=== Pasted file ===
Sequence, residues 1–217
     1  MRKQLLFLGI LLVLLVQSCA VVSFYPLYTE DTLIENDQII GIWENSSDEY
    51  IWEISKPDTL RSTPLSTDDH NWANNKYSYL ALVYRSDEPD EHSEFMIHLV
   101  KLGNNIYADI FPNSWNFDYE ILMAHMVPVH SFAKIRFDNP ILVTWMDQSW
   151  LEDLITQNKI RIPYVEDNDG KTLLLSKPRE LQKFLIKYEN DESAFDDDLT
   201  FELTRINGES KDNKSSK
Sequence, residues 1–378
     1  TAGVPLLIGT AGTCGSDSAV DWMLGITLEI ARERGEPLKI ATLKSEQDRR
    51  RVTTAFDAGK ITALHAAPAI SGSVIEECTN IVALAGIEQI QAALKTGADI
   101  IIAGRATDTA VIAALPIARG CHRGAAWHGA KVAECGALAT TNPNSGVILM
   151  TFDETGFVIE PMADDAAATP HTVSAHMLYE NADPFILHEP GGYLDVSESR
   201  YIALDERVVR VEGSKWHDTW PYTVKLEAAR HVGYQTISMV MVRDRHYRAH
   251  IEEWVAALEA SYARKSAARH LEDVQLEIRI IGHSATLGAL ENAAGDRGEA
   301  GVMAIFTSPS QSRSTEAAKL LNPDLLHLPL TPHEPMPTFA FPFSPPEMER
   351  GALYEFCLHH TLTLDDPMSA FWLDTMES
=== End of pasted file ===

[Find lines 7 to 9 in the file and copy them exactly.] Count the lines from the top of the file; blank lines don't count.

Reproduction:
Sequence, residues 1–378
     1  TAGVPLLIGT AGTCGSDSAV DWMLGITLEI ARERGEPLKI ATLKSEQDRR
    51  RVTTAFDAGK ITALHAAPAI SGSVIEECTN IVALAGIEQI QAALKTGADI